washingtonpost.com  > Arts & Living > 2004 Year in Review

Mark Jenkins's Top 10

Friday, December 31, 2004; Page WE35

1. John Cale, "HoboSapiens" (Or Music). The former Velvet Undergrounder's first experiment with sample- and loop-based composition inspires his catchiest, most consistent songs in almost 30 years.

2. Richard Crandell, "Mbira Magic" (Tzadik). Using a modified version of a traditional Zimbabwean instrument, this veteran upstate New York composer plays ringing, rippling improvisations that evoke Bali, the Andes and Mozart.


The masterful Senegalese singer-composer Youssou N'Dour delivers one of the standout albums of the year. (Helayne Seidman For The Washington Post)

_____Memorable Moments_____
Michael O'Sullivan's Top 10 Exhibits (The Washington Post, Dec 31, 2004)
The Year in Music (The Washington Post, Dec 31, 2004)
Richard Harrington's Top 10 (The Washington Post, Dec 31, 2004)
Geoffrey Himes's Top 10 (The Washington Post, Dec 31, 2004)
Mike Joyce's Top 10 (The Washington Post, Dec 31, 2004)
Desson Thomson's Top 10 Films (The Washington Post, Dec 31, 2004)
. . . And the 10 Worst Films (The Washington Post, Dec 31, 2004)
The Best Bites of 2004 (The Washington Post, Dec 31, 2004)
Looking Back: Bugs, Bars, Poker and More (The Washington Post, Dec 31, 2004)

3. Delays, "Faded Seaside Glamour" (Rough Trade). Soaring falsetto dovetails with carillon guitar on this Southampton, England, quartet's debut, the year's most enchanting variation on the eight-miles-high sound.

4. The Ex, "Turn" (Touch and Go). On this double CD, the eclectic Dutch anarchist-punk quintet champions leftist politics, free jazz, Ethiopian tunes and propulsive rhythm-guitar vamps.

5. The Libertines, "The Libertines" (Rough Trade). Between stints in jail and rehab, singer-guitarist Pete Doherty reunited with his London neo-skiffle cohorts to make an album that's looser, rougher and -- how'd that happen? -- more consistent than their debut.

6. Youssou N'Dour, "Egypt" (Nonesuch). One of Africa's (and the world's) finest singers combines his native rhythms with sinuous Cairo orchestrations for an album that pays lovely (if perhaps untimely) tribute to Senegal's brand of Islam.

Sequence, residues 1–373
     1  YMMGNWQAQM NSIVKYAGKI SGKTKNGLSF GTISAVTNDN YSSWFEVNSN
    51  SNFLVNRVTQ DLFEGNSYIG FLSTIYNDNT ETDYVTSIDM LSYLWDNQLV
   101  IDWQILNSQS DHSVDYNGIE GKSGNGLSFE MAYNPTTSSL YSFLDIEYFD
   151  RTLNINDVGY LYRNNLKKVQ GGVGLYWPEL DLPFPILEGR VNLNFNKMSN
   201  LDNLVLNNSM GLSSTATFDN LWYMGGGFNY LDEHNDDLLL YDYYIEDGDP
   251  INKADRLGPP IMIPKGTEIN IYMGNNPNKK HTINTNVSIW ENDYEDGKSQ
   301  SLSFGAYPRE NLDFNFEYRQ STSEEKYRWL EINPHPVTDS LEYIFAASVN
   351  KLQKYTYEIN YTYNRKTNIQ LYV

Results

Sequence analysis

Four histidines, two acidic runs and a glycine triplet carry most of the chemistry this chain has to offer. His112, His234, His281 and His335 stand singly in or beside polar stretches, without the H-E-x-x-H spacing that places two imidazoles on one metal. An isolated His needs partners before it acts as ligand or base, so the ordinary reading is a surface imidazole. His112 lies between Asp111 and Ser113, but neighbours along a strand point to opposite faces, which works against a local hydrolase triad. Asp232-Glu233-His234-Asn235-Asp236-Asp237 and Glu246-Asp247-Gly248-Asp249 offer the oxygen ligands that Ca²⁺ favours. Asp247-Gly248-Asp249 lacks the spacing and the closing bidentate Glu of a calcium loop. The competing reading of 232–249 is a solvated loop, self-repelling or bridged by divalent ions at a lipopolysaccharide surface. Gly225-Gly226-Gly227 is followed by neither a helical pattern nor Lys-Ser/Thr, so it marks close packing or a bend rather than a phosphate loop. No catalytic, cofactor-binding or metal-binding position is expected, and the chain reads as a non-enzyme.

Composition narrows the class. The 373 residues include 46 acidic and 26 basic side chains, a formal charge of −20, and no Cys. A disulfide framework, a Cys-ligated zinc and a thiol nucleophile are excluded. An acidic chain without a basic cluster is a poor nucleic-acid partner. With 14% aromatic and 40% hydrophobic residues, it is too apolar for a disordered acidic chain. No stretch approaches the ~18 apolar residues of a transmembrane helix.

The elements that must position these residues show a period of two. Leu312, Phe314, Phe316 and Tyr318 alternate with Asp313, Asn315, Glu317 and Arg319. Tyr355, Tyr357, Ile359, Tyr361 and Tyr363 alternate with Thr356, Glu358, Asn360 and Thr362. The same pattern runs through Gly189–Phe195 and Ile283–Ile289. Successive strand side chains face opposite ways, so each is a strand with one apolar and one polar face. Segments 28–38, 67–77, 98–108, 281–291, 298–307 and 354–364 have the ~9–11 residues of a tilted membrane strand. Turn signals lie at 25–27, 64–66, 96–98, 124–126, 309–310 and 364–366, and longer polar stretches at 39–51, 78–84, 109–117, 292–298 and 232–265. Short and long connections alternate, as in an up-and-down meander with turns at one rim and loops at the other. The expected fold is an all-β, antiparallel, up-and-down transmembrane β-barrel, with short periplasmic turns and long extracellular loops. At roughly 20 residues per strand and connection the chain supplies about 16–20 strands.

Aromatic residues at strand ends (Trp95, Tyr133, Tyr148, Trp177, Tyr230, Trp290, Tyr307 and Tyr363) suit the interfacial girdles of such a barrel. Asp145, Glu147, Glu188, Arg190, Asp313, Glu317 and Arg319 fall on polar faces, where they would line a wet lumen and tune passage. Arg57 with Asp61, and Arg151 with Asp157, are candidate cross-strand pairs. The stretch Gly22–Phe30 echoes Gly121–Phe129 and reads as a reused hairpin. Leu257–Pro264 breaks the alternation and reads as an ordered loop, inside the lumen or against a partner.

7. Q and Not U, "Power" (Dischord). Arguably the best of the roughly 3,000 neo-punk-funk bands currently active, this D.C. trio can lay down a scratchy groove, but its spare, dynamic arrangements also keep the music shifting and surging exhilaratingly.

8. Tinariwen, "Amassakoul" (World Village). Plugged-in Malian nomad music, with call-and-response vocals and as many as four electric guitars slip-sliding gloriously together.

9. Martina Topley-Bird, "Anything" (Palm Pictures). The soprano counterpoint to Tricky's growl on his masterly "Maxinquaye" outdoes the recent work of her mentor (who appears on one track) with these elegant juxtapositions of insinuating vocals and ominous grooves.

10. Rokia Traore, "Bowmboi" (Nonesuch). This Malian singer's third album features more up-tempo numbers than its predecessor but is most notable for its lovely ballads, which color traditional timbres with hints of European chamber music.

Concert: Morrissey at DAR Constitution Hall, Sept. 29. Touring on the strength of a solid new album that only slightly compromises his Smiths-era principles, the Manchester expatriate triumphantly fused alienation, self-deprecation and show-biz.


© 2004 The Washington Post Company